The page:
The answer is that their complaints were a symptom of a lack of faith (v. 7). But, how often do we complain and question God when we have to wait on him? And, the things we need and want from God are so often less critical than the water and food the people of Israel needed to survive day after day. If you’re anxious about something in your life and asking “is the Lord among us or not?”, then be encouraged by this story from Exodus 17. Not only did God provide for the Israelites, despite their complaints, but he also protected them from the attacks of the Amalekites (vv. 8-16).

Philippians 2

Today’s reading is Philippians 2.

What makes believers in Christ distinct from the world around us? We have different beliefs about the past and the future, for one. We have different morals that cause us to make different choices and respond differently when we sin. We spend our time and our money differently. We certainly have a different understanding of who God is and what he’s done for us in Christ. These are all important differences, but maybe they don’t distinguish us from the rest of the world as much as we’d like to think that they do.

Here in Philippians 2, Paul invited the believers and us to consider the immense humility and sacrifice of Christ to save us. He urged us to follow Christ’s example by “looking to the interests of others” (v. 4). But when he wanted to teach us how to stand out from the unredeemed people around us, he commanded us: “Do everything without grumbling or arguing” (v. 14). Living this way “in a warped and crooked generation” would cause us to “shine among them like stars in the sky.” (v. 15).

Let’s face it–people complain a lot. We complain about the weather, about relatives and friends, about bosses, about what’s required of us in our jobs, about how little we’re paid and how much we pay in taxes. We complain about having to fix our cars or stuff that breaks at home, about traffic jams and long lines at the grocery stores. People argue a lot, too. Look at your Facebook feed; you probably don’t even have to scroll more than once or twice (or at all) before you see two or more people arguing about politics or sports or something else.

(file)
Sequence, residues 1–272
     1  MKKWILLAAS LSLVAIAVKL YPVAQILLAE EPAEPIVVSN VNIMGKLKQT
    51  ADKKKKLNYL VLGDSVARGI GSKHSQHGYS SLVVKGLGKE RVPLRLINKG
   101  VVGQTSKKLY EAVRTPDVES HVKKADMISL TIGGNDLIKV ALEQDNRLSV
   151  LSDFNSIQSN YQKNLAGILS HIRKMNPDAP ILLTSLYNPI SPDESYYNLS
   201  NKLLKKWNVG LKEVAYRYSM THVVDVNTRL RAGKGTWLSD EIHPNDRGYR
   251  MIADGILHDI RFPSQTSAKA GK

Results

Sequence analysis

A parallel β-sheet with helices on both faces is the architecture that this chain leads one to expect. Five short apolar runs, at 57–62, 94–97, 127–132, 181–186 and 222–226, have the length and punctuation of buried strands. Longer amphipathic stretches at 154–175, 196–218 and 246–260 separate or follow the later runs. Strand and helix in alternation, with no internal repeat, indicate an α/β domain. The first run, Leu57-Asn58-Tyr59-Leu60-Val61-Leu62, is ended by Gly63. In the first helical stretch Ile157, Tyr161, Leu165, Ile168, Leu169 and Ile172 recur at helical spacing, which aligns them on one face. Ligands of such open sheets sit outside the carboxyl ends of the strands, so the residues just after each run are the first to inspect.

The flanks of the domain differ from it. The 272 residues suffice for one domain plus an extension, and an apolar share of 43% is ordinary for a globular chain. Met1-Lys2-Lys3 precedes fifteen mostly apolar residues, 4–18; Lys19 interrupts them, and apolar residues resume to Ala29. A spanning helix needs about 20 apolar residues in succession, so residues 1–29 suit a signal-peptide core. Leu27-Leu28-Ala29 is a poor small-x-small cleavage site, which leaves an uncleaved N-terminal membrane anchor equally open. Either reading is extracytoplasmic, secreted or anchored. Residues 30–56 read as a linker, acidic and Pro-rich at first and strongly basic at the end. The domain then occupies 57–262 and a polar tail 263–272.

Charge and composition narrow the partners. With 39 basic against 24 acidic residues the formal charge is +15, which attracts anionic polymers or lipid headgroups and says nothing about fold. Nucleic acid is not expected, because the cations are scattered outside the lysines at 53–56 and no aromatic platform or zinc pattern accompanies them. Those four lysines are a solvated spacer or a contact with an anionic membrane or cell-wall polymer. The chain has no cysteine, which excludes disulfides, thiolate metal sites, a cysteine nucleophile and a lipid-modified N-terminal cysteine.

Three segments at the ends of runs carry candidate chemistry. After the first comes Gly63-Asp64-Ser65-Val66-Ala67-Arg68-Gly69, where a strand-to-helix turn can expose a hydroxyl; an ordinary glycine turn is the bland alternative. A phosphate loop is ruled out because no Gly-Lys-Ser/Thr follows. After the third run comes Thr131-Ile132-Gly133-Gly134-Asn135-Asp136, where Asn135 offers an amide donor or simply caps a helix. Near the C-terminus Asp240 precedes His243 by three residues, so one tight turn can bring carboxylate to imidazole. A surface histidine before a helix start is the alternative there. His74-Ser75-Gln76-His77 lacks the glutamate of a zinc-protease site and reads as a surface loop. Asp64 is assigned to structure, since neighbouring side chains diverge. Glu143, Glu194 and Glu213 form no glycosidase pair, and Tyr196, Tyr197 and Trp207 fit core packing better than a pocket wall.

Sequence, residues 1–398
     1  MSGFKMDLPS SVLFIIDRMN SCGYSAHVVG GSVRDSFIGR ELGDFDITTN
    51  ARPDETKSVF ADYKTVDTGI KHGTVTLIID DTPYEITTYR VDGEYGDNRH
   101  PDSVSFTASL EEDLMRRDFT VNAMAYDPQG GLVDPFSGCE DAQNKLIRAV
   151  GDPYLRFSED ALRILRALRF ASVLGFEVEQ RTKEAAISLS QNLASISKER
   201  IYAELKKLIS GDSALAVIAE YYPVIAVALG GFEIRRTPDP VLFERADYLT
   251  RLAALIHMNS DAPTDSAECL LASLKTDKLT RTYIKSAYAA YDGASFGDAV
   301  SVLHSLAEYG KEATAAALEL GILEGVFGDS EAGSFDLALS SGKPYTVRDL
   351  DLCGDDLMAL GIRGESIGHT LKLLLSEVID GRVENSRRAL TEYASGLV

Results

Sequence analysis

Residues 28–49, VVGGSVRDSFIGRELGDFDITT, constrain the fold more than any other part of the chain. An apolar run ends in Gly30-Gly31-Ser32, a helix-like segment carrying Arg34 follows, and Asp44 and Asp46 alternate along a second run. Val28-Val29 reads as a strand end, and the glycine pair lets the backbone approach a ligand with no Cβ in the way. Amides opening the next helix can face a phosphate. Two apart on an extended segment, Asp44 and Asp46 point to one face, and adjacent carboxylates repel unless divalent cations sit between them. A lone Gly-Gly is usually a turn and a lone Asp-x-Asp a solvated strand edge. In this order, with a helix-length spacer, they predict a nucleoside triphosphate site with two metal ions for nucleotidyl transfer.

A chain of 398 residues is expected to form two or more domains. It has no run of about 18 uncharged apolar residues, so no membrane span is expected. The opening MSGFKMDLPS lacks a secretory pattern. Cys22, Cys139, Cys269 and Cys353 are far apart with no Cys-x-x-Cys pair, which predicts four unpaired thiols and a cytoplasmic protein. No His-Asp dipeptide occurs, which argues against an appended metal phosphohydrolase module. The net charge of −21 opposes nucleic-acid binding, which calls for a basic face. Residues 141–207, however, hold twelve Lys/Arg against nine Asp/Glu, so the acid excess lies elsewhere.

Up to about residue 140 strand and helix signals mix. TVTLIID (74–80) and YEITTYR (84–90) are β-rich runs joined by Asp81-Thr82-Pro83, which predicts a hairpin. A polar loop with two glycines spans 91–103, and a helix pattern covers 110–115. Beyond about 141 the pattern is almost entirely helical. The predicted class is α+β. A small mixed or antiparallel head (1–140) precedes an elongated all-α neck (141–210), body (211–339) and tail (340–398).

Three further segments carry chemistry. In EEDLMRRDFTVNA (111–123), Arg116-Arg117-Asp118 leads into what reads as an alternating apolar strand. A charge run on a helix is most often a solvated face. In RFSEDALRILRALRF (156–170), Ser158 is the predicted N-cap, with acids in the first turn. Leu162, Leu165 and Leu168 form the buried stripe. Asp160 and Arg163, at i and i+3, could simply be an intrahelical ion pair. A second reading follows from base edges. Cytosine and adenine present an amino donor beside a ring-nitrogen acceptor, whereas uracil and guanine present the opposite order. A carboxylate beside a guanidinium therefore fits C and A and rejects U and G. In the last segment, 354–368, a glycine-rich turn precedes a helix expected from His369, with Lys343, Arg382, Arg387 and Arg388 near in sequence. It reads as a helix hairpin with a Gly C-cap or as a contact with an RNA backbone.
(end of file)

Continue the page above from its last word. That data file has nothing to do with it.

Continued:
Complaining and arguing are symptoms of discontentment. [After I wrote that last sentence, I complained to my dog about how he just came in but wanted to go back out again.] When we complain to someone about their behavior, we’re showing our discontentment with them. Complaining like that is about trying to change them, to control them into acting differently or becoming different in some way. It is an expression of our discontentment with them or at least their behavior is some way. But, if they do change that behavior, then we move on and find something else about them that makes us discontent. Complaining about the weather or the traffic, or something else is an expression of discontentment with our circumstances.

Arguing is about being discontent with what we’re getting or not getting. If I argue with a clerk in a store about the price of an item, it is because I am unhappy about the price. If I argue with a co-worker that I’m doing too much of the work on a project that we’re both assigned to do, that’s an expression of discontentment. Arguing comes from having a different point of view in some instances—like sports or politics but it often results from a feeling of injustice.